So, that’s it about how can you shellac over stain. Let’s have a look at the opposite side of this same procedure.
Can You Stain Over Shellac?
Yes, you can apply shellac fist and then apply stain only if the wood type doesn’t take stain well. Woods with fewer pores structures don’t absorb stain so well. They’ll reject the stain and therefore best to apply the stain after applying shellac coating first.
Here’re the woods that better apply shellac over stain.
- Other exotic woods
Never apply shellac fist and then stain for the woods that take stain so well like Ash, Oak, Hickory, Cherry. Stain only does the color changing and it’s not very durable to face outside. Applying stain over shellac is no use because the shellac is the layer that gives the protection and its cover-up because of stain. The wood will get damaged very soon.
Oak, cherry, walnut, and chestnut are your hard durable woods that will take a stain well, avoid your “soft” woods like pine because they will stain blotchy! Sorry had to let my old SW knowledge out 😅 hope this helps!— 𝑀𝑟. 𝐶𝐸𝑂 ②.⓪ (@ZeeJayF) June 19, 2020
Stain doesn’t cure the wood because of not have any curing agents. The pigments that change the color of the wood lay on the shellac surface without penetrating inside of the wood. Therefore, no color change can expect if you stain over shellac.
Ultimately, staining over shellac will create a mess for the woods that take stain well and it’s just a waste of money and your effort.
You can check the wood you select, takes the stain well or not by testing to stain a sample piece of wood before starting the main application.
So, let’s answer some frequently asked questions regarding can you shellac over stain.
Can You Shellac Over Tacky Stain?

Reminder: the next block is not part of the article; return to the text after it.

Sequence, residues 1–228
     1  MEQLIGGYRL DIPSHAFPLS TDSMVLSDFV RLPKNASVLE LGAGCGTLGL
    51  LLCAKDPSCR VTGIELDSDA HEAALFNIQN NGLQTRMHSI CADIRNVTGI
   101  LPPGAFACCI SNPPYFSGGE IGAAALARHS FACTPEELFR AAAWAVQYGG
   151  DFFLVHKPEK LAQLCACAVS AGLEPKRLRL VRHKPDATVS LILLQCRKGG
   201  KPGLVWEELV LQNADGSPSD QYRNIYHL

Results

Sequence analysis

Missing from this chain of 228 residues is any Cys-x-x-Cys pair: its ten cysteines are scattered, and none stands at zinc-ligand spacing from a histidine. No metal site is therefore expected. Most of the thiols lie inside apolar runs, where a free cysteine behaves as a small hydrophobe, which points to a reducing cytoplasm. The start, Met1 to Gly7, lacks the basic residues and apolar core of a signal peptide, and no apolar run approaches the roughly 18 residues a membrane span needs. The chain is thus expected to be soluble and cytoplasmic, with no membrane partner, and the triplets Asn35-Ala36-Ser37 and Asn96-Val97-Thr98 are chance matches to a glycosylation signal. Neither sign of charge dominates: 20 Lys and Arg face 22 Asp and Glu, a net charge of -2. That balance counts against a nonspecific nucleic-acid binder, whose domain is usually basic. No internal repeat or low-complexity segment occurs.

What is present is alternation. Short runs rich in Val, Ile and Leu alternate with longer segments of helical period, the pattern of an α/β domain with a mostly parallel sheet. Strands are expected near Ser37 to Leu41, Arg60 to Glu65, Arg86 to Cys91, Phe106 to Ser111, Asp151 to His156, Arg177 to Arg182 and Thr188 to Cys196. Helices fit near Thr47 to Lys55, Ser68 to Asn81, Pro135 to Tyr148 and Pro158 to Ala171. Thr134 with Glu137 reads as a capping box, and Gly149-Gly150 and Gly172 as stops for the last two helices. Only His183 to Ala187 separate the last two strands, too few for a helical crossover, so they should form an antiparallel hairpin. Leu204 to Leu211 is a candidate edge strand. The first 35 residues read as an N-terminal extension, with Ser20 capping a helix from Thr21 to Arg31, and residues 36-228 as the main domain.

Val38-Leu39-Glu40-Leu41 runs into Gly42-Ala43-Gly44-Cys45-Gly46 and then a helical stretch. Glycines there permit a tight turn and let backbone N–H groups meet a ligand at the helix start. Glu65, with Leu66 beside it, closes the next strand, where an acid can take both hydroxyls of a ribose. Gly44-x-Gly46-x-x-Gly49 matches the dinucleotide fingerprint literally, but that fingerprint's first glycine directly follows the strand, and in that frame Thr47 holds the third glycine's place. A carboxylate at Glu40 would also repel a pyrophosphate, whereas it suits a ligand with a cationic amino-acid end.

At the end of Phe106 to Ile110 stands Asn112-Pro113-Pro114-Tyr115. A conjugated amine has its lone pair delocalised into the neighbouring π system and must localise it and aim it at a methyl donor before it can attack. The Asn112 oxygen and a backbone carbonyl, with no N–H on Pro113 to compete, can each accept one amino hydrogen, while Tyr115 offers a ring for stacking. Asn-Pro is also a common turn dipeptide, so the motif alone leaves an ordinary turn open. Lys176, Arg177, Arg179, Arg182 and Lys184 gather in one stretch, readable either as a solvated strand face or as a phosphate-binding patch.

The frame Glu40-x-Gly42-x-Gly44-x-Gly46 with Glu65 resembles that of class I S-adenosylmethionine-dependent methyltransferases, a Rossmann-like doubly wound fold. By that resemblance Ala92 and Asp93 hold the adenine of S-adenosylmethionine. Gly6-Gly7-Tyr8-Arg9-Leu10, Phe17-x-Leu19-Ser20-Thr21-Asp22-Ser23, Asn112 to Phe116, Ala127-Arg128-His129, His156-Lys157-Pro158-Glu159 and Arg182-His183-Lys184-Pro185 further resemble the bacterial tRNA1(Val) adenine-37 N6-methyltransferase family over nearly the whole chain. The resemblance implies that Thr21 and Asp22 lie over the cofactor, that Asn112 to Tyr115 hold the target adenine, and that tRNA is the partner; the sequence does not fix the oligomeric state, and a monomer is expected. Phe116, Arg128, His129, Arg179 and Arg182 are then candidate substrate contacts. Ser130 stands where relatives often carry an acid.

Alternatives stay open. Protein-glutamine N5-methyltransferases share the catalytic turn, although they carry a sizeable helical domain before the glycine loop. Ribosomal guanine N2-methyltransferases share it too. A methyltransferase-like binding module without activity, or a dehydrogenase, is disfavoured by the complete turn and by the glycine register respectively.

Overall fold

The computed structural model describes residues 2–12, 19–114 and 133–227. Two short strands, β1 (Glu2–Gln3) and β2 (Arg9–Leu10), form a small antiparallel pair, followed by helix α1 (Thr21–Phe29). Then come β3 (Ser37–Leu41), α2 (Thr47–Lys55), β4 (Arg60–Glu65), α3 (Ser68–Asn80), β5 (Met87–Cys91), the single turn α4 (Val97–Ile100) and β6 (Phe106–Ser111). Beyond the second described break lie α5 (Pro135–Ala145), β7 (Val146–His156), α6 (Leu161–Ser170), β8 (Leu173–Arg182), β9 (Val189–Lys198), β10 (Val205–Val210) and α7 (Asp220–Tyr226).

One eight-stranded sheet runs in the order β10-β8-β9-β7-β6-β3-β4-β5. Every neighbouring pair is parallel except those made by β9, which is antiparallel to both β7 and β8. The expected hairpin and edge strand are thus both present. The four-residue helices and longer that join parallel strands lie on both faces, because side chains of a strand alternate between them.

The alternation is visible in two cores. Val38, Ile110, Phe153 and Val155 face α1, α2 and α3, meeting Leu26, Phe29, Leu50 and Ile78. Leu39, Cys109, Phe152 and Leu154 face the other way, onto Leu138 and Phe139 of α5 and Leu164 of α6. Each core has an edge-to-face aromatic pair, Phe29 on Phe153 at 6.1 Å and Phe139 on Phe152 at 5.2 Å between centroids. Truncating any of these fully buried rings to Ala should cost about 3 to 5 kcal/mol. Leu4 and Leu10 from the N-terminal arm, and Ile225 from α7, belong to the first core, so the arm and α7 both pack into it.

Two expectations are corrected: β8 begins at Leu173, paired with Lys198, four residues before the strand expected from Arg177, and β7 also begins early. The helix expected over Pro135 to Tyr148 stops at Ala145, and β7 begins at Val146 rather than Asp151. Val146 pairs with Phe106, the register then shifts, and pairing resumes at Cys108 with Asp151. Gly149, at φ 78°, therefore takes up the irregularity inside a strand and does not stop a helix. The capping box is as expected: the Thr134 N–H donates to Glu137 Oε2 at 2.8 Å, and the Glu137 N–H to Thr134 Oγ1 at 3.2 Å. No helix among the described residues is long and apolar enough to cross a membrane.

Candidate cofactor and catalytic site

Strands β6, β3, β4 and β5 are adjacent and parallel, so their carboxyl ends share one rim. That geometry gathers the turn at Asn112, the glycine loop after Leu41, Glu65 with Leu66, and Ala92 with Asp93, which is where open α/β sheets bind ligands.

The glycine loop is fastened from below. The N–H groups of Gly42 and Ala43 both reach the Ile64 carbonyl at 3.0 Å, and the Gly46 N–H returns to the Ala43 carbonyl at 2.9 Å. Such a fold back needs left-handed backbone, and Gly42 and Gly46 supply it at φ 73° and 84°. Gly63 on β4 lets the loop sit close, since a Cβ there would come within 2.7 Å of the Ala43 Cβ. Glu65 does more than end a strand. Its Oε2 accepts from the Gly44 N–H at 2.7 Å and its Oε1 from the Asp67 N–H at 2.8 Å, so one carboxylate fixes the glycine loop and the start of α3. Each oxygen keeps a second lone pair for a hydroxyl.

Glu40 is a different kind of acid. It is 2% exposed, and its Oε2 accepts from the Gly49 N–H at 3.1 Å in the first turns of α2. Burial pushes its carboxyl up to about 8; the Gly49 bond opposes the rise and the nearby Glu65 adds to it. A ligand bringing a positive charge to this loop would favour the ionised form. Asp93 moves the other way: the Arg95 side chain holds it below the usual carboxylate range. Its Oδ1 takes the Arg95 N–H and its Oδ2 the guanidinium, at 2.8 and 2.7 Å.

Never apply shellac over the tacky stain. This will destroy both stain and shellac layers. Always make sure to let the stained wood dry completely before applying shellac.
You can remove tacky stain by wiping excess stain on the surface or by wiping tacky areas with stain thinner.
Can I Shellac Over Water Based Stain?
Most shellac products available on the market are alcohol-based. It is compatible with water-based stain. So, the water-based stain does bond well with shellac and can cause less trouble than applying over oil-based stain like layer separation and surface blotchiness.
So, if you’re willing to apply shellac over stain, better to go with water-based products. It won’t create a mess.
Looks like this will be used as a plant stand. Hard maple, water-based Rosewoid stain, amber shellac, gloss water-based poly top coats. pic.twitter.com/8RQ5ZStw8i— John Nephew, 🦖Planegea🦖Now on Kickstarter (@JohnNephew) December 20, 2016
Did I cover all you wanted to know about: Can You Shellac Over Stain?
From this article we’ve deeply discussed can you shellac over stain and how it should do.
We have discussed all the tips and tricks you can follow to do apply shellac coating over stained wood correctly.
While wood stain changes the color shade of the wood, shellac gives better protection from outside elements.
Furthermore, I’ve answered some frequently asked questions about shellac over stain.
Hope you have gained good knowledge about the process that should be done. Enjoy woodworking!